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Laura McQuade is seen at a Planned Parenthood charity gala in New York, on May 1, 2019.KRISTA SCHLUETER/The New York Times News Service

Facing mounting complaints about abusive behaviour and unfair treatment of Black staff members, the chief executive of Planned Parenthood of Greater New York, Laura McQuade, has been ousted from her job.

The organization’s board of directors had supported McQuade as recently as last week. On Tuesday, however, the group reversed course, sending an e-mail to staff members saying the board had “parted ways” with her the previous day.

The move came after hundreds of former and current employees signed a series of public letters over the past week faulting McQuade for what they said was an autocratic, abusive leadership style ill-suited to any organization, let alone one known for its progressive credentials.

The letters accused McQuade of berating and humiliating employees; presiding over a system that paid Black staff members unequally and kept them from advancing in their careers; and supporting layoffs and furloughs for nearly a third of the organization’s employees amid the COVID-19 crisis without cutting her own pay or that of other top officials.

Writing under the name Save Planned Parenthood Greater New York, the current and former employees also accused McQuade of squandering a financial surplus and steering a call-center contract to a former Planned Parenthood executive whom the group described as a friend of McQuade’s.

“We reject what we view as McQuade’s Trumpian leadership style,” one of the letters said, comparing McQuade to the president, “and envision a Planned Parenthood where all our staff, in particular our black and other staff of colour, are honoured for their expertise and included in the decision-making process.”

McQuade, in an interview Tuesday, called the allegations against her false but she said that “this is not the time to refute them.”

“I feel nothing but good will toward the organization, and I want them to succeed,” she said. “The work that we have undertaken over the last three years together has been some of the most important work of my life.”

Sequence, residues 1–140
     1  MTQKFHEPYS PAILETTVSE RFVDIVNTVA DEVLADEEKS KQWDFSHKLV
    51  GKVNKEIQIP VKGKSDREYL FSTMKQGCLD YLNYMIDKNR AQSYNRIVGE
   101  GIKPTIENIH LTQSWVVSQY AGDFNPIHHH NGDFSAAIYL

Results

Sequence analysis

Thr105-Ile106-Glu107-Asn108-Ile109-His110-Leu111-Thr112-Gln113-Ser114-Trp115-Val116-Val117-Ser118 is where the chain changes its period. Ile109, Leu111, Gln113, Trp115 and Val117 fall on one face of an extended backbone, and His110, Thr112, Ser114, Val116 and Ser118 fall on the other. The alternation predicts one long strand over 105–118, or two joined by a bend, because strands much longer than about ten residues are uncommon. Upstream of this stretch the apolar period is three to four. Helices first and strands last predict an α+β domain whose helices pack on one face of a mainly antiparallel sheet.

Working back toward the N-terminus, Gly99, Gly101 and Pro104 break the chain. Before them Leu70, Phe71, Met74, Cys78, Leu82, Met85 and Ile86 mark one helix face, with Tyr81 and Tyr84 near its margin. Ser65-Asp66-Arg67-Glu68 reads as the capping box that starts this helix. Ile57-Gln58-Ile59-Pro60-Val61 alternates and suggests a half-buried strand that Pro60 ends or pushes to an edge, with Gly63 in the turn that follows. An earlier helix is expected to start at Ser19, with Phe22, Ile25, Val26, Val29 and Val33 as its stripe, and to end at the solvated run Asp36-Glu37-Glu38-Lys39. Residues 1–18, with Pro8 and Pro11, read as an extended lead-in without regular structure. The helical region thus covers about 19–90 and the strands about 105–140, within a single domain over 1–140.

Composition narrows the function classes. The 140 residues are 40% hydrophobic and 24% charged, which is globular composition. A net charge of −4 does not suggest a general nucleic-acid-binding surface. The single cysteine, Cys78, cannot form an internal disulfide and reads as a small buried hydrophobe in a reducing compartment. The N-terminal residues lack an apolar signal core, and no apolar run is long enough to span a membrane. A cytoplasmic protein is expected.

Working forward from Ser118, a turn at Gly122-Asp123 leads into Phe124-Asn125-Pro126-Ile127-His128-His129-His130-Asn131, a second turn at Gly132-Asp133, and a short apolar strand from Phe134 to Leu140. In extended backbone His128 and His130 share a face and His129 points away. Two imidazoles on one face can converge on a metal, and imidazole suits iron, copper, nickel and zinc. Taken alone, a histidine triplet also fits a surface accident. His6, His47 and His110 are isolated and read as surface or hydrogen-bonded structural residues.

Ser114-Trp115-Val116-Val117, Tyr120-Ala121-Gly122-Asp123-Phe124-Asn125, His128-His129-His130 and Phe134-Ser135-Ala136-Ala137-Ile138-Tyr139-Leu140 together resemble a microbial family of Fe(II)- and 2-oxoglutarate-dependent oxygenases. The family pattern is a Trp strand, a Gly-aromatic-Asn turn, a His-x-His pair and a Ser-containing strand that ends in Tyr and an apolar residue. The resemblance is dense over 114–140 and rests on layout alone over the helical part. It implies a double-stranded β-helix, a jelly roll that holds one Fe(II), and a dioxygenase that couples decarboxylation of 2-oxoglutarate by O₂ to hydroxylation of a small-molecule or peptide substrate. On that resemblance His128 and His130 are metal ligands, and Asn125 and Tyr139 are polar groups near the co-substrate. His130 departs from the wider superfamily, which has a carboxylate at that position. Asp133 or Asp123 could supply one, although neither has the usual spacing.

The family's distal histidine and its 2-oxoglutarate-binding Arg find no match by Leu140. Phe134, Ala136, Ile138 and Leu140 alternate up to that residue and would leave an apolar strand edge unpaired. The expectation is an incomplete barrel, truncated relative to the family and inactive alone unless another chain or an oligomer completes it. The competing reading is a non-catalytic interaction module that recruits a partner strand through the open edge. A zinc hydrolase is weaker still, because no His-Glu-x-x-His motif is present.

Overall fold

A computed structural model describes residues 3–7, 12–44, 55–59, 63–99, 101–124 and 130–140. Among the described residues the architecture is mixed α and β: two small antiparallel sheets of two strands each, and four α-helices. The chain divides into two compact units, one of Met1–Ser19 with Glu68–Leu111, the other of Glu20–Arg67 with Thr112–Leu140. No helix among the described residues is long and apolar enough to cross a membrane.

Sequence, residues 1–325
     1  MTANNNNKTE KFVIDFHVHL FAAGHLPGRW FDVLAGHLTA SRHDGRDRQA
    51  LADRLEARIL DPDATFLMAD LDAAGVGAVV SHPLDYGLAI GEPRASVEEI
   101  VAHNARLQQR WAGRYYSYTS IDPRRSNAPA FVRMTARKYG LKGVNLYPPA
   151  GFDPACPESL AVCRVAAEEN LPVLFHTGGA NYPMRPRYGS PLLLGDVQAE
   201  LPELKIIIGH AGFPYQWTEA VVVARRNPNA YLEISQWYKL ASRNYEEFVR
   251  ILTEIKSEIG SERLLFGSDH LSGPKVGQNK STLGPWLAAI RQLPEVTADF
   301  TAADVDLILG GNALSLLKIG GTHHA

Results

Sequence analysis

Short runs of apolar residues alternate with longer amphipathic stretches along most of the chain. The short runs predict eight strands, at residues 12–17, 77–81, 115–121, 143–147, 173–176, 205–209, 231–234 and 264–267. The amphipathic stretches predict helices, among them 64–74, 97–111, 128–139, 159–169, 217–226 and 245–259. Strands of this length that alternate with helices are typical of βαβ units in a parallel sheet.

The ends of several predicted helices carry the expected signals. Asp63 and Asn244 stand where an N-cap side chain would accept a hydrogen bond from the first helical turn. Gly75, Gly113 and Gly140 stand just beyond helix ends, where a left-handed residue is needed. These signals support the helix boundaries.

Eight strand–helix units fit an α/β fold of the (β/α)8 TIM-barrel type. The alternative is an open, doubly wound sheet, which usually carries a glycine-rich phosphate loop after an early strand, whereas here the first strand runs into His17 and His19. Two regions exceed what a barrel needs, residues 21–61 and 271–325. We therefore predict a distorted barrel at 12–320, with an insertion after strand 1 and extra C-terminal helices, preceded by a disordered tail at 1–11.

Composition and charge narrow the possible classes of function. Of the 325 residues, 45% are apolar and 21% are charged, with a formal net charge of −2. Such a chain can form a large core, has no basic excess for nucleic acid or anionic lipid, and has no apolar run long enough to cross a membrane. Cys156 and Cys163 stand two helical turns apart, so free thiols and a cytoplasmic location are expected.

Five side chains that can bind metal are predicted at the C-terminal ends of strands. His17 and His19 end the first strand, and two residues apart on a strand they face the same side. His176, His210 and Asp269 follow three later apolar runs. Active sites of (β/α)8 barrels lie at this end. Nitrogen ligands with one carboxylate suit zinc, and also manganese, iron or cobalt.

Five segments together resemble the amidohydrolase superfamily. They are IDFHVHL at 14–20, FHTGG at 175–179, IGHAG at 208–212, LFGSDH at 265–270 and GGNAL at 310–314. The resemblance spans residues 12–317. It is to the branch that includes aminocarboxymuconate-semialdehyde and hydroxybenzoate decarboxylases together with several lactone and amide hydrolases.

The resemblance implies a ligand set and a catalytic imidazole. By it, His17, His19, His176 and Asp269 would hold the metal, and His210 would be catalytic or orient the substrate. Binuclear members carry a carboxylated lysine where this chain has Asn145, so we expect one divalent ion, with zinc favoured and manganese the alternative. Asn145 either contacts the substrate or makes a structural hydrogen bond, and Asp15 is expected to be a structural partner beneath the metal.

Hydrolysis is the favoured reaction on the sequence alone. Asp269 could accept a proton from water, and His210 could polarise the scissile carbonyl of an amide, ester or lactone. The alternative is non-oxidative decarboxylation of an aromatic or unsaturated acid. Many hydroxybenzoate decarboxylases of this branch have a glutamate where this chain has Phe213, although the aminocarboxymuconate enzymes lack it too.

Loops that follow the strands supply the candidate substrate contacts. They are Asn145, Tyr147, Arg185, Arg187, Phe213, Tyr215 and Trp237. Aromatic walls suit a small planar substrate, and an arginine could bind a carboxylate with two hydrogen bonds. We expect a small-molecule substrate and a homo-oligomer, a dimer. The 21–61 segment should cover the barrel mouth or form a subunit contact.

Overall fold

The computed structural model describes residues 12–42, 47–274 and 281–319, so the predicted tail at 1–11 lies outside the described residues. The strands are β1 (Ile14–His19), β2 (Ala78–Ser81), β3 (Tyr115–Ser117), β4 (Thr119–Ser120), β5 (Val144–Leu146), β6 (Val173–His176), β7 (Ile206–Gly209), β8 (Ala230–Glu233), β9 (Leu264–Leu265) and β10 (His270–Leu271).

A statement from the organization sought both to acknowledge McQuade’s efforts and to move on.

“During Laura’s tenure, PPGNY made some important operational changes,” the organization said in the statement. “But growing concerns raised by our staff made her continued leadership untenable.”

“Our employees are on the front lines of some of the most critical health care work in the country,” the statement continued, “and we recognize we must make some changes to ensure our clinicians and centre staff continue to feel supported in meeting the needs of all patients.”

Planned Parenthood of Greater New York, which formed in January when five chapters in the state merged, had around 900 employees as of early this year, making it the largest affiliate of Planned Parenthood, the national reproductive rights, abortion provider and service organization.

In the email to staff members, the organization said it would be run by a group of senior officials while it conducted a search for a new leader.

Before the merger, McQuade was the chief executive of Planned Parenthood of New York City, a job she took in 2017 after leading Planned Parenthood Great Plains, an affiliate that served Arkansas, Kansas, Missouri and Oklahoma.

The open letters, signed by at least 350 current and former employees, included a litany of concerns. Topping the list were complaints about the harsh way that McQuade interacted with employees.